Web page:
Judith Bar-Hay works on the frontlines of one of the most battered areas of Israel: Sderot, a blue-collar town that has been hit with more than 7,000 rockets from Palestinian militants in nearby Gaza over the past decade.
So when Ms. Bar-Hay, who works with Israel's Trauma Center for Victims of Terror and War, known as NATAL, offered to give me a tour of the town, I was expecting somber tales.
Instead, I was met by a spunky lady with spiky hair and funky jewelry outside Sderot’s hip cinematheque where, for $9, residents can choose from “The good, the bad, and the ugly,” an array of French films, and the latest Israeli flicks.
Bar-Hay’s tour of Sderot featured more of the good than the bad and ugly. She was determined to show that there is much more to this community than pockmarked buildings and kids with post-traumatic stress disorder (PTSD).
To be sure, there are both of those in this town of 20,000, as well as memorials to the roughly two dozen Israelis killed by rockets – about half of them residents of Sderot. One memorial takes the form of a community meeting place built by the parents of a girl who saved her brother’s life by shielding him with her body.
“I think they did a beautiful thing to remember her, because it continues life,” says Bar-Hay. “This is very unique to the way Israel copes with tragic death.”
We visit Sderot's Sapir College, which has more than doubled enrollment since the rockets began, and drive down vibrant boulevards, which are punctuated by artwork fashioned from Qassam rockets.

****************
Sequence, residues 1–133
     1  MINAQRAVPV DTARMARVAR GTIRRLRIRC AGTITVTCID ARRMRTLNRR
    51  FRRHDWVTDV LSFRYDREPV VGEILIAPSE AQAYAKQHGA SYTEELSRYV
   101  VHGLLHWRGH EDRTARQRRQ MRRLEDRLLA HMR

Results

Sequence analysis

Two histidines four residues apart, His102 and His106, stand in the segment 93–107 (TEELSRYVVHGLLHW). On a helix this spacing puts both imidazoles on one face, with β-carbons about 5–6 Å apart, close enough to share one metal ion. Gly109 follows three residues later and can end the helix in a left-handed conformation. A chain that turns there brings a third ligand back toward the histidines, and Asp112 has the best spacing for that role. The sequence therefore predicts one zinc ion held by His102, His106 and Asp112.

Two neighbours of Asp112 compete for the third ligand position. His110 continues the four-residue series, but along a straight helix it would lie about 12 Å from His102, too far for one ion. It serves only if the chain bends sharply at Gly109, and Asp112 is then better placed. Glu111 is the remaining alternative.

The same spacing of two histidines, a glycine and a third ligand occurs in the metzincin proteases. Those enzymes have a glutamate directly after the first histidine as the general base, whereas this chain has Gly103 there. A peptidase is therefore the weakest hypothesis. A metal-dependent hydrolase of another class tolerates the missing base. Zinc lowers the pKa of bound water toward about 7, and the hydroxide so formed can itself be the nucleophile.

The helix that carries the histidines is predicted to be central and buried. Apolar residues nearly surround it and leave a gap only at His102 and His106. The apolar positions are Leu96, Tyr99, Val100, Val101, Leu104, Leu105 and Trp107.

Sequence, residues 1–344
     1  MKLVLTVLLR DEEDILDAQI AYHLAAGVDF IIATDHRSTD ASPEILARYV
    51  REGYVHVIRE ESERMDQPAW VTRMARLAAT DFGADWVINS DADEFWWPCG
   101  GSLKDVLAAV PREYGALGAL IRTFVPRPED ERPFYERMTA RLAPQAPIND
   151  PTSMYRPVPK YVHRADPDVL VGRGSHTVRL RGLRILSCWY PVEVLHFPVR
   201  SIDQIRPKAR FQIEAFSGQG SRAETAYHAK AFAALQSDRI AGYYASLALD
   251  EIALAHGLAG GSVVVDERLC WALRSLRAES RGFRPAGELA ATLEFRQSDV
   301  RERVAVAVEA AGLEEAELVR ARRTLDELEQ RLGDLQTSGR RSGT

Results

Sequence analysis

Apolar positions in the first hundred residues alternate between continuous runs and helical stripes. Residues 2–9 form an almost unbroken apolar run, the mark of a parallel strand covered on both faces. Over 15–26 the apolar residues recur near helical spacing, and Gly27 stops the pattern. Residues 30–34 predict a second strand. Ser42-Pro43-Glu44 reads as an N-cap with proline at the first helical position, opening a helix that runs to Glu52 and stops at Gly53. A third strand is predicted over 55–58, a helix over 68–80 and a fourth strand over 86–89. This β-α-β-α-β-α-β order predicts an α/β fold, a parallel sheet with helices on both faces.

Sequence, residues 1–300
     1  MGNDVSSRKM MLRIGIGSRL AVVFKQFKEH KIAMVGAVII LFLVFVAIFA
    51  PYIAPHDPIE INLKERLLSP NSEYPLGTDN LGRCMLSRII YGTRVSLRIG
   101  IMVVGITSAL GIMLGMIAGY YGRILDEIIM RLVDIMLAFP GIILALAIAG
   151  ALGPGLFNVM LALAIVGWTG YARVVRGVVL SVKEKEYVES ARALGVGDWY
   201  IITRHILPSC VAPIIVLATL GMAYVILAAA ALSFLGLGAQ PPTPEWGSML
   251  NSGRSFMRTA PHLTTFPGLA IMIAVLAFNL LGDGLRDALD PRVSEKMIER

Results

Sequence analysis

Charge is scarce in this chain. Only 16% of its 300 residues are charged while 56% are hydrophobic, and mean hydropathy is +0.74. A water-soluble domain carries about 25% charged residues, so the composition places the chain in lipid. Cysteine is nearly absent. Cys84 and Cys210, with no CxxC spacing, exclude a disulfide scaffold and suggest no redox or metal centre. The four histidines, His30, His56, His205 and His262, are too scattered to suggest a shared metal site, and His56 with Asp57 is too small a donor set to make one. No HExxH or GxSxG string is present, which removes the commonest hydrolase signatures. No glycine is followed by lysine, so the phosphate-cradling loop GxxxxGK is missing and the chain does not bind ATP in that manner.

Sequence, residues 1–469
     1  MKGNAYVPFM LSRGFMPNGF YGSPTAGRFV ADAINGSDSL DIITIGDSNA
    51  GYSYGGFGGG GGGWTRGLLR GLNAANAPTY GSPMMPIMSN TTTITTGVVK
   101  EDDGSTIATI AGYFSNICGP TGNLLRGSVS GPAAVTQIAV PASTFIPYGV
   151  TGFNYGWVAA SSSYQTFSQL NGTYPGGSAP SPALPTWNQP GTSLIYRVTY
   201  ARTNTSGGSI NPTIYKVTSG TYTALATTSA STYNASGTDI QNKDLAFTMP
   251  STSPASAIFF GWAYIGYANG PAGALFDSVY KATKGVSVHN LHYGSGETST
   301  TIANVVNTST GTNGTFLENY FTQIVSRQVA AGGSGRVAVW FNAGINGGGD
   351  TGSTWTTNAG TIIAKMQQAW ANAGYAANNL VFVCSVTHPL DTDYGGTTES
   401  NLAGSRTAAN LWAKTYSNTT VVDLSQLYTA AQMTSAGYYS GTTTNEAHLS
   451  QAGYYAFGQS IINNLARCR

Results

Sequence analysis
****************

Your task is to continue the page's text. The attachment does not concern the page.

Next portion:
Bar-Hay, who lives on a nearby kibbutz and is a veteran member of NATAL’s community department, knows the routes well. Her work as the coordinator of NATAL's mobile unit and a first responder in emergencies takes her to everyone from schoolchildren who have lost a fellow student to an elderly grandmother who was too scared to leave her front porch for a week, since only from there could she see the public bomb shelter that she would need to reach within 15 seconds when the rocket alarm went off.
“I think this is my coping – my helping others,” she says. “If I have to go home, I think I will go crazy.”
Things have been quieter in recent months. She takes me to a picnic area on the edge of the city with a clear view of Gaza’s skyscrapers, which was filled with locals on Israeli independence day in mid-April. As the smell of freshly cut hay wafts through the pines, she sounds almost wistful about the severing of relations between Israel and the Gaza Strip. Until 2005, Israeli citizens were free to live and shop there.
“If I want a good dentist, a good mechanic, the people in Gaza are the best,” she says, noting that many Gazans also used to cross into Israel, many for work. “I think, and a lot of people think, that everybody lose in this war because the people of Gaza want the connection with us.”